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Slow insert into a table Expand / Collapse
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Posted Tuesday, February 11, 2014 7:41 AM


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I'm facing an issue here. I have one procedure which inserts data in a table with the help of some joins in few tables. Now there are around 1000 records to be inserted as a result of execution of that procedure. But the problem is that it's inserting one recor at a time. I have updated the statistics of all the dependent tables. There is no index on the table where data getting inserted. What can be the issue ? It's taking almost an hour to insert 1000 records.
Post #1540195
Posted Tuesday, February 11, 2014 7:44 AM


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one record at a time?!?!
can you show the code for the procedure? does it have a cursor? are there triggers ont he destination table? does the trigger have cursors?
lots of possible issues, but without details, we can't offer much more than general guidelines: no cursors, no loops, etc


Lowell

--There is no spoon, and there's no default ORDER BY in sql server either.
Actually, Common Sense is so rare, it should be considered a Superpower. --my son
Post #1540202
Posted Tuesday, February 11, 2014 8:03 AM


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Nope there are no cursors used. But I can see the execution plan for the table. And it shows almost 75% of the time taken for Insertion operation.
Attached is the print screen of execution plan. I had to hide the object's name.



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ExecutionPlan.jpg (24 views, 120.95 KB)
Post #1540216
Posted Tuesday, February 11, 2014 8:09 AM


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don't get caught up staring at the percentages; they have to add up to 100, so just because something is 75% doesn't mean it's bad, it just means that's where work was performed compared to other steps.

i put more importance on things like the estimated number of rows inserted being 19213 and the estimated subtree cost being 87.8014 than anything else.

you said it inserts one at a time, but this looks set based.
can you obfuscate the insert statement and show it to us? the actual execution plan would tell us everything, if you can post that.


Lowell

--There is no spoon, and there's no default ORDER BY in sql server either.
Actually, Common Sense is so rare, it should be considered a Superpower. --my son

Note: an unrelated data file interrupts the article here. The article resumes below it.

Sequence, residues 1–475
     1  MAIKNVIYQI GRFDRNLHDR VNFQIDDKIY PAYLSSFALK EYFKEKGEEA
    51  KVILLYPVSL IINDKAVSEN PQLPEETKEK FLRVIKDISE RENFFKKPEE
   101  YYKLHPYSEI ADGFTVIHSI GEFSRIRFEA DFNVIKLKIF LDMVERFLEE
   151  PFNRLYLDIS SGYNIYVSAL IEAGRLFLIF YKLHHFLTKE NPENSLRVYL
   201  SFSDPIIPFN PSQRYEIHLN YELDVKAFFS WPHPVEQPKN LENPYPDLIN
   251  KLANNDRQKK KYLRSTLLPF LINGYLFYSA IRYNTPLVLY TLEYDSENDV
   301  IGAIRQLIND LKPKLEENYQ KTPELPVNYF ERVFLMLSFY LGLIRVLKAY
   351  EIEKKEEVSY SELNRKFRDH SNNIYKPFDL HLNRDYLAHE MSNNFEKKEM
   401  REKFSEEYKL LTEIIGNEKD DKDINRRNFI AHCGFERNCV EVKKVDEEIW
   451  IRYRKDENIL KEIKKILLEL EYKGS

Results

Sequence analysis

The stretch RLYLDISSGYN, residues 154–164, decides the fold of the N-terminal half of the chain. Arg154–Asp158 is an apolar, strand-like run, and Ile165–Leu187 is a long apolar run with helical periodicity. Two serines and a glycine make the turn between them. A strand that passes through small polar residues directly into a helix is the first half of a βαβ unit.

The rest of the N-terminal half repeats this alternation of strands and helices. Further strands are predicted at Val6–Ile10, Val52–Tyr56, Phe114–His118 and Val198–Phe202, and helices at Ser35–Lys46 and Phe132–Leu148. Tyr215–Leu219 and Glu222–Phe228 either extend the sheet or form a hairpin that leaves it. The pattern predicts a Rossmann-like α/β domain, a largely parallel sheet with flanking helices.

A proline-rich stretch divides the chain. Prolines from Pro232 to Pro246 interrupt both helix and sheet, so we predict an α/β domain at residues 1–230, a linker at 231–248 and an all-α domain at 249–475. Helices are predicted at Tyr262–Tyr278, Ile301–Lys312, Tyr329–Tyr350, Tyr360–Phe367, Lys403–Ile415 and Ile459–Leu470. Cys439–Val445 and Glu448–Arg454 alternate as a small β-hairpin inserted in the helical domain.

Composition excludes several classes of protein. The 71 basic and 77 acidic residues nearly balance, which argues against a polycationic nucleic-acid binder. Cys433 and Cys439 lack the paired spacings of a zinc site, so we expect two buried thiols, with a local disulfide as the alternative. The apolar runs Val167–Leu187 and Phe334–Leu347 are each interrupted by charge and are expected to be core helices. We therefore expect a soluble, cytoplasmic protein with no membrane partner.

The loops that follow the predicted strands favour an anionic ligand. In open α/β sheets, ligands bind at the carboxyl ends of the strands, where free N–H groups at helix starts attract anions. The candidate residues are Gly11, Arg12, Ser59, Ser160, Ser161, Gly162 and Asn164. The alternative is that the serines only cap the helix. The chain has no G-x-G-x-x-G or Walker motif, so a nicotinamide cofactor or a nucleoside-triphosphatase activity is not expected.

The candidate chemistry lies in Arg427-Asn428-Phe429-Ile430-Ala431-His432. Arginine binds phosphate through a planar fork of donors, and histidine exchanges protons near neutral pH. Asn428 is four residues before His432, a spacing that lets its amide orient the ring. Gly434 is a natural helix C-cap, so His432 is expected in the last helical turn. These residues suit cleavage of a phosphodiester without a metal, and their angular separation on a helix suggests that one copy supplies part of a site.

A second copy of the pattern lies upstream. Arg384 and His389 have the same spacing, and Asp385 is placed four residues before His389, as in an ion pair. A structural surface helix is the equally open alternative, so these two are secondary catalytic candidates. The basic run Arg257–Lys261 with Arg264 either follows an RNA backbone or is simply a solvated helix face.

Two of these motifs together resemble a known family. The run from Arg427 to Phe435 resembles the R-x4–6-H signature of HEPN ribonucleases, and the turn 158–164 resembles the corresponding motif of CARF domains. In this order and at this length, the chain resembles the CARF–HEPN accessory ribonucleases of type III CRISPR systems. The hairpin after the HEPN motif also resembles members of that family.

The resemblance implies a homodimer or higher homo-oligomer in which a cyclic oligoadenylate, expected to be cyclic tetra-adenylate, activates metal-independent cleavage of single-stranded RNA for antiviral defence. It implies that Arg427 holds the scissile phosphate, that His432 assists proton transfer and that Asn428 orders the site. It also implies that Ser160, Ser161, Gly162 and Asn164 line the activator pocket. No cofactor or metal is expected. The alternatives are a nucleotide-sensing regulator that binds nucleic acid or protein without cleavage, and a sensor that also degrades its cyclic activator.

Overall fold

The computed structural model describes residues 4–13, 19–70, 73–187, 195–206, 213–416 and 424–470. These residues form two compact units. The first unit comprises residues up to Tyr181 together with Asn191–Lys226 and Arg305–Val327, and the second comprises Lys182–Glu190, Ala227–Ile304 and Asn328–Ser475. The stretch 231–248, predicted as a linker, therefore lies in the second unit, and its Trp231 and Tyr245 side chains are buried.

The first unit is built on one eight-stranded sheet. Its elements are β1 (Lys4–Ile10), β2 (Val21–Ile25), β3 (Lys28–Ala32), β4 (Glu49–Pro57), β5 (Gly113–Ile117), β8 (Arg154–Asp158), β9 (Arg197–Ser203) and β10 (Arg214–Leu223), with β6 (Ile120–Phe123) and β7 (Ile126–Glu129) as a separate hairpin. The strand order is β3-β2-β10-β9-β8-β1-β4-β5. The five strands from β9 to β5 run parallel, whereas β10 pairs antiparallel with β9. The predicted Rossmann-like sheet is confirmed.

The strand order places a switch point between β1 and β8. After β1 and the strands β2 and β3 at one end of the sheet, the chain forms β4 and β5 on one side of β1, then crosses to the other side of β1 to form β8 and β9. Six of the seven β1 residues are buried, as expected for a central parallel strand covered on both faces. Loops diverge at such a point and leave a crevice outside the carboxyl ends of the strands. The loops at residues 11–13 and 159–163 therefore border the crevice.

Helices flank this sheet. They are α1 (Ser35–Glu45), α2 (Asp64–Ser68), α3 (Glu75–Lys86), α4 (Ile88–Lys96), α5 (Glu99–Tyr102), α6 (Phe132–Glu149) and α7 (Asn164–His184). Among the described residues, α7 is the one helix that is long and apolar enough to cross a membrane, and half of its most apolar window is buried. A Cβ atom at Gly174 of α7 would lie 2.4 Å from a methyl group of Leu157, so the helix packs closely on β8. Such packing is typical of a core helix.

Post #1540222
Posted Monday, February 24, 2014 3:10 PM
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It's hard to tell without seeing the actual insert statement or the execution plan. Please post it if possible ..

--
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Post #1544729
Posted Monday, February 24, 2014 5:07 PM
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Does the table have a trigger?
Post #1544741
Posted Tuesday, February 25, 2014 12:34 PM
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sqlnaive (2/11/2014)
I'm facing an issue here. I have one procedure which inserts data in a table with the help of some joins in few tables. Now there are around 1000 records to be inserted as a result of execution of that procedure. But the problem is that it's inserting one recor at a time. I have updated the statistics of all the dependent tables. There is no index on the table where data getting inserted. What can be the issue ? It's taking almost an hour to insert 1000 records.


Have you tried to use other account to execute the SQL?
Have you tried to load all related data into other database and run again, take a look what happens?

it might be caused by database configuration.
Post #1545110
Posted Tuesday, February 25, 2014 5:39 PM


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sqlnaive (2/11/2014)
I'm facing an issue here. I have one procedure which inserts data in a table with the help of some joins in few tables. Now there are around 1000 records to be inserted as a result of execution of that procedure. But the problem is that it's inserting one recor at a time. I have updated the statistics of all the dependent tables. There is no index on the table where data getting inserted. What can be the issue ? It's taking almost an hour to insert 1000 records.


Please see the second link under "Helpful Links" in my signature line below. That's the information that we'd need to help you solve this problem.


--Jeff Moden
"RBAR is pronounced "ree-bar" and is a "Modenism" for "Row-By-Agonizing-Row".

First step towards the paradigm shift of writing Set Based code:
Stop thinking about what you want to do to a row... think, instead, of what you want to do to a column."

(play on words) "Just because you CAN do something in T-SQL, doesn't mean you SHOULDN'T." --22 Aug 2013

Helpful Links:
How to post code problems
How to post performance problems
Post #1545184
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